Xtr with crap shifters
I put an XTR rear dérailleur on my ironhorse. It came with shimano lever and shifter combos on it with no model number. Now I only have 4 gears. It just wont pull the dérailleur far enough out. Do i need a stronger shifter?
I may be drunk, Miss, but in the morning I will be sober and you will still be ugly.
Something else is wrong with your setup.
It sounds like you didn't pull on the cable end, and then click the shifter , to let the cable out as far as it will go, before you tightened the cable clamp on the dérailleur.
You also may not have one or more of the limit screws set properly and it's keeping the dérailleur from moving through it's full range.
You may not have turned the crank once or twice, to let the dérailleur move to it's normal relaxed position. (do that with the cable detached).
The normal position will be the small cog if it's "high normal" or the big cog if it's "low normal".
"I thought of that while riding my bike."
Albert Einstein, on the theory of relativity.
Peace and Long Rides...
The model number of Shimano shifter/brake combo levers are usually stamped on the underside of the handlebar clamps. Older ones had it stamped on the handlebar clamps opposite the side where you insert the allen key. The ez-fire models have it on a sticker on the under side of the pod.
Regarding the reduced pull - did you forget to unscrew the limit screws on the rear derailleur to readjust them?
The procedure for replacing shifters is:
1) Click the finger trigger all the way to the end.
2) Fully screw in the tension adjuster on the shifter and back off 1-2 turns.
3) Feed the gear inner cable through the shifter, gear outers and rear derailleur.
4) Fully screw in the tension adjuster on the derailleur and back off 1-2 turns (not applicable to XTR 960, 970 series).
5) Clamp the gear inner cable to the derailleur making sure that the cable is seated in the small groove under the clamp bolt.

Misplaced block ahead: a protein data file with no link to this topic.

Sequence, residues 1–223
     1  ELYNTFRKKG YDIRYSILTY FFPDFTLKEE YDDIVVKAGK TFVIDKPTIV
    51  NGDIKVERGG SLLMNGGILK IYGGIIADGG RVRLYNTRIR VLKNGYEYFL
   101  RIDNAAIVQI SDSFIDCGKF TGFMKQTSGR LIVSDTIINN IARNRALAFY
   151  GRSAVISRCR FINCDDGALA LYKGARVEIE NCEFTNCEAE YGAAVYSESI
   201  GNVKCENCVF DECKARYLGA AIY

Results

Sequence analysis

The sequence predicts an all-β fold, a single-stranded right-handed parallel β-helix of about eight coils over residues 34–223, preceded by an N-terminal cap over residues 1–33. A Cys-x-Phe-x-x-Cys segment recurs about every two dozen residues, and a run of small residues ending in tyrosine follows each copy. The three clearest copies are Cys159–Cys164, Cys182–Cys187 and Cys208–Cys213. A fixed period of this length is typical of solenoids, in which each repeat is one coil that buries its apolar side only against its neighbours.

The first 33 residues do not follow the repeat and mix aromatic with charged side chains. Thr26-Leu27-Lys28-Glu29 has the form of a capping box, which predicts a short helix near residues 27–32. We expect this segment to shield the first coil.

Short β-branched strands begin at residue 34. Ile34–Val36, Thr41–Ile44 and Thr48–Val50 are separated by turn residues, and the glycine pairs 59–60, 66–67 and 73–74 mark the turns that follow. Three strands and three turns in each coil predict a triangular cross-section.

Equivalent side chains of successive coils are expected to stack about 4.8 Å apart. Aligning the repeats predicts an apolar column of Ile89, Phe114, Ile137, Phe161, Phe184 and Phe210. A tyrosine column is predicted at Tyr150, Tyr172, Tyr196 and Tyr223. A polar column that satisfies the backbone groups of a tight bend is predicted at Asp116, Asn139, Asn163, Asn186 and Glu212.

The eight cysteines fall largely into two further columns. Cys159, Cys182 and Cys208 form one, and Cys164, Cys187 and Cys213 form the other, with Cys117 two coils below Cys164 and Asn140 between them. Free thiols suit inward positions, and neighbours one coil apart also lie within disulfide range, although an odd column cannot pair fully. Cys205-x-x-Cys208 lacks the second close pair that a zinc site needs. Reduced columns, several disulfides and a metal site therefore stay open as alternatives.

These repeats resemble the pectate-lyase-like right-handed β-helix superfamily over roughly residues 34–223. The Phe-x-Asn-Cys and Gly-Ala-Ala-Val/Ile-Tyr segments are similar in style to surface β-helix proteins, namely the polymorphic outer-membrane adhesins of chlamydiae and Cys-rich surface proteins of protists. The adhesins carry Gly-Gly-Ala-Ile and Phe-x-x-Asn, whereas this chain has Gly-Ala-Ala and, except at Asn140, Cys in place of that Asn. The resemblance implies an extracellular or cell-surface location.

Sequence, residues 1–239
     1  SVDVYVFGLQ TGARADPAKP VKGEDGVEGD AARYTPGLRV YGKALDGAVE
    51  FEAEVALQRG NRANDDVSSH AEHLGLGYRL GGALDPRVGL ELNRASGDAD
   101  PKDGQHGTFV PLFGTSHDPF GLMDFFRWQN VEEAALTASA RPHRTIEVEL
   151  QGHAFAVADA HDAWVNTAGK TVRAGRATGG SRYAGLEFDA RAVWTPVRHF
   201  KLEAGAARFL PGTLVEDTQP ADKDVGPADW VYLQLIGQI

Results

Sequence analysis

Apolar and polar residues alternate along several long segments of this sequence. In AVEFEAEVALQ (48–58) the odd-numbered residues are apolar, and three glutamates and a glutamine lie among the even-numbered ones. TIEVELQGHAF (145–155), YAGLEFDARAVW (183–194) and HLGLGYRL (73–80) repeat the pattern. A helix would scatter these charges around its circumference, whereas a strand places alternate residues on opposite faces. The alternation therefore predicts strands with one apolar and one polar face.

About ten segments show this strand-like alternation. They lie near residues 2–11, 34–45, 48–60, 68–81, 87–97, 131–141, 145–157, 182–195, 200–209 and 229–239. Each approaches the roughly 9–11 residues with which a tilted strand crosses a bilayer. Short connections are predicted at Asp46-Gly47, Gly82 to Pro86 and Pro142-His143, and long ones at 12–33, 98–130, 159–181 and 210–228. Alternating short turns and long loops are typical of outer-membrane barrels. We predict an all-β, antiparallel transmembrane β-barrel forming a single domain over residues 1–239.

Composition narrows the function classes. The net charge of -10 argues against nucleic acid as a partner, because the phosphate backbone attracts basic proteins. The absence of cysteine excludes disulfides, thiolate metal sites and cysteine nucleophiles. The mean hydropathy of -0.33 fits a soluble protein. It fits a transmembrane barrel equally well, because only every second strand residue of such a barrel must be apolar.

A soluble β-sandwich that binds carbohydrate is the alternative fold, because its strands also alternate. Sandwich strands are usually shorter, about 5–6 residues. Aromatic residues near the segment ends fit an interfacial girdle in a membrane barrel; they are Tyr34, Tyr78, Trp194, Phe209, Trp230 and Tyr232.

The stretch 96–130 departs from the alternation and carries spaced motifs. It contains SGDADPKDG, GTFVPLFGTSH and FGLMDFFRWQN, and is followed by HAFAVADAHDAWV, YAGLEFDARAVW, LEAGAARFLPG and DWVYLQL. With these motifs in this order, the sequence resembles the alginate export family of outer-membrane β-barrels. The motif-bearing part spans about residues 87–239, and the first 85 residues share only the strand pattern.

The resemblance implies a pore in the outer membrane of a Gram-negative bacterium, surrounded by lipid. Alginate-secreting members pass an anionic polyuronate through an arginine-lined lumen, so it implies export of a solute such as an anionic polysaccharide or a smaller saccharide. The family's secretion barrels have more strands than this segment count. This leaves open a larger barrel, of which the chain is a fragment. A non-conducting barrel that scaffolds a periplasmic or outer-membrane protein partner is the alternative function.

6) Find an exposed section of gear inner cable, grab carefully and pull hard for about 10secs. If the cable system is sealed (Nokon, Gore Ride-on, Alligator iLinks etc), then loosen the clamp bolt and pull hard from the end of the gear inner cable using a pair of pliers. This action properly seats the ferrules onto the gear outers and into the cable stops, it also pre-stretches the cable.
7) Now adjust the derailleur limit screws so that the upper pulley wheel is in vertical alignment with the biggest cassette sprocket; and slightly off centre (about 2-3mm) to the right of the smallest sprocket (so that the chain runs slightly off centre towards the drive-side chainstay). Simulate movement of the derailleur up and down the cassette by pushing or pulling it as required.
8). Pull taut the gear inner cable to remove the slack caused by the pre-stretching and clamp it down.
9) Put the chain onto the smallest front chainring and spin the cranks as if you were pedalling and thumb click the shifter to change gear. If it doen't change (ie chain does not move smoothly onto the next sprocket), then add tension to the gear cable by using one of the tension adjusters (I use the one on the derailleur first myself). Adjust only a little at a time.
10) Keep spinning the cranks and click the finger trigger to see if it will change back to its original position. If it doesn't, then add a little slack until it does.
11) Thumb click to change gear again. From here, see if you can continue changing onto the next sprocket one at a time until you reach the end. Add or remove cable tension as required. Then repeat going the other way.
12) Now repeat the gear changes up and down the cassette for the biggest chainring.
13) Check the adjustments using the middle chainring. If you have found the optimum point where the gear changes work for the smallest and biggest chainring, then it will work for the middle.
14) Trim the excess gear cable and put an end crimp onto the end of the cable to prevent it from fraying. Use a spot of super glue if you haven't got an end crimp.